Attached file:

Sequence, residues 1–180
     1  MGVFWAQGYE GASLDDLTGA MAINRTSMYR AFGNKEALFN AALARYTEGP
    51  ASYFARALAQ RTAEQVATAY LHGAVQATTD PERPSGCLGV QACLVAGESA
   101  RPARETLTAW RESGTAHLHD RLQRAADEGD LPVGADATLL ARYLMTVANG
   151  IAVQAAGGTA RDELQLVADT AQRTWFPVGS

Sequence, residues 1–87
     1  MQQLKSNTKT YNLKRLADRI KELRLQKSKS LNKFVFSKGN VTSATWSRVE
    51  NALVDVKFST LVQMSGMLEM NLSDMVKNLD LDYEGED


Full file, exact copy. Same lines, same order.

Sequence, residues 1–180
     1  MGVFWAQGYE GASLDDLTGA MAINRTSMYR AFGNKEALFN AALARYTEGP
    51  ASYFARALAQ RTAEQVATAY LHGAVQATTD PERPSGCLGV QACLVAGESA
   101  RPARETLTAW RESGTAHLHD RLQRAADEGD LPVGADATLL ARYLMTVANG
   151  IAVQAAGGTA RDELQLVADT AQRTWFPVGS

Sequence, residues 1–87
     1  MQQLKSNTKT YNLKRLADRI KELRLQKSKS LNKFVFSKGN VTSATWSRVE
    51  NALVDVKFST LVQMSGMLEM NLSDMVKNLD LDYEGED